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Lancet Neurol. 2013 Mar;12(3):285-94. doi: 10.1016/S1474-4422(12)70322-8.

Somnambulism: clinical aspects and pathophysiological hypotheses.

Author information

1
Center for Advanced Research in Sleep Medicine, Hôpital du Sacré-Cœur de Montréal, Montreal, QC, Canada; Department of Psychology, Université de Montréal, Montreal, QC, Canada.

Abstract

Somnambulism, or sleepwalking, can give rise to a wide range of adverse consequences and is one of the leading causes of sleep-related injury. Accurate diagnosis is crucial for proper management and imperative in an ever-increasing number of medicolegal cases implicating sleep-related violence. Unfortunately, several widely held views of sleepwalking are characterised by key misconceptions, and some established diagnostic criteria are inconsistent with research findings. The traditional idea of somnambulism as a disorder of arousal might be too restrictive and a comprehensive view should include the idea of simultaneous interplay between states of sleep and wakefulness. Abnormal sleep physiology, state dissociation, and genetic factors might explain the pathophysiology of the disorder.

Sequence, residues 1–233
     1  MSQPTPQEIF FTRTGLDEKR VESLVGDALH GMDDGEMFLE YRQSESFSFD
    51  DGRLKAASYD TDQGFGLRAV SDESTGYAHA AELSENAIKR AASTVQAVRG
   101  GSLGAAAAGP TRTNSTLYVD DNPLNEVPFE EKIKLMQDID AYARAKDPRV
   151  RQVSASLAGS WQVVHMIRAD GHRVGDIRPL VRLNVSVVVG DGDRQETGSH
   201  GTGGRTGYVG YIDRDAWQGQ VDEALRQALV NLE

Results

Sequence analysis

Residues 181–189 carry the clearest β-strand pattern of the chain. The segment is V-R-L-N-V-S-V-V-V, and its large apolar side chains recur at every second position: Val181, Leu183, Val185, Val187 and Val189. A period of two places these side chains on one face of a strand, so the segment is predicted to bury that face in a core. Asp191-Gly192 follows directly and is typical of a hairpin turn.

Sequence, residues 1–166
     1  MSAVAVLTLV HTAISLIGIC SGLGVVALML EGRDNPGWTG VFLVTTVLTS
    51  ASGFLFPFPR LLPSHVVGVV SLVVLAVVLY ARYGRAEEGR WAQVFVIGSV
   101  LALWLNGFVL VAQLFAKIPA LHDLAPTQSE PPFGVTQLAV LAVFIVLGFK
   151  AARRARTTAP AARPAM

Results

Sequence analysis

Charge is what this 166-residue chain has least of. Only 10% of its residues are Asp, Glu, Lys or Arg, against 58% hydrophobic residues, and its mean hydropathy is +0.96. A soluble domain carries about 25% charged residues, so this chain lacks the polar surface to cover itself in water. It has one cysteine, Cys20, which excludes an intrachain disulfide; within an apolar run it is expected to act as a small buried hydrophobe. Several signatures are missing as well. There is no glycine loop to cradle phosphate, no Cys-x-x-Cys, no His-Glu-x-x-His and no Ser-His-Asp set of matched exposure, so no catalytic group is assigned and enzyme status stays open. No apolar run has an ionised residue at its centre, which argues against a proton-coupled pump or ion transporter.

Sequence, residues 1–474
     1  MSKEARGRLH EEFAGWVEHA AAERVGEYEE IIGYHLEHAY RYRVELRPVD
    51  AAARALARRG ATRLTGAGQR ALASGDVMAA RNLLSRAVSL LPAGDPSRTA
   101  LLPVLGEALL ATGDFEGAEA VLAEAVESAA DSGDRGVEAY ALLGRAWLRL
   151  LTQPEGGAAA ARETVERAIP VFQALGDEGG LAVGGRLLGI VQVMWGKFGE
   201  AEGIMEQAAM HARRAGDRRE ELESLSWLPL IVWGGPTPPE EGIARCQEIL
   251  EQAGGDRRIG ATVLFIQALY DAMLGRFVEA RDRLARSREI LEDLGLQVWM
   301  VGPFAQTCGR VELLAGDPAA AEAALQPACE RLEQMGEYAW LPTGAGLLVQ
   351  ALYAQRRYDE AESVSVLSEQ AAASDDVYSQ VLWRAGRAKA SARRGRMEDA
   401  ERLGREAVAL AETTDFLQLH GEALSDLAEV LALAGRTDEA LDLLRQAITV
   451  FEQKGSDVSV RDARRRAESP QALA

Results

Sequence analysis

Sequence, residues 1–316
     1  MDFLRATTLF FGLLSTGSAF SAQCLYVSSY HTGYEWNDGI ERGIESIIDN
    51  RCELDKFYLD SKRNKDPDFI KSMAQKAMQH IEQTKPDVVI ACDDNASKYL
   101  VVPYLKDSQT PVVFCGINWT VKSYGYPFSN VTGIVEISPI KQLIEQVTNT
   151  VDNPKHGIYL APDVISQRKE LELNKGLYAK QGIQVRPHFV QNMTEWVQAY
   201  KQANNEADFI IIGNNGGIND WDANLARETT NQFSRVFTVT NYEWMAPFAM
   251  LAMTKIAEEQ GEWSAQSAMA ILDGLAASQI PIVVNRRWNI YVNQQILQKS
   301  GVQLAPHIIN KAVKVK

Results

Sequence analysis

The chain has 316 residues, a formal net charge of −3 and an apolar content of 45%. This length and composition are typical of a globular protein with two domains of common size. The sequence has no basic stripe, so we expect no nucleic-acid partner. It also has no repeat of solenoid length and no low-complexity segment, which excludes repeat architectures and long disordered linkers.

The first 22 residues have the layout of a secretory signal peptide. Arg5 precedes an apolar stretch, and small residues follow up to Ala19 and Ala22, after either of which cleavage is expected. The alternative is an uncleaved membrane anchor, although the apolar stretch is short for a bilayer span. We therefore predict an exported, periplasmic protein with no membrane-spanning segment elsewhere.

PMID:
23415568
DOI:
10.1016/S1474-4422(12)70322-8
[Indexed for MEDLINE]

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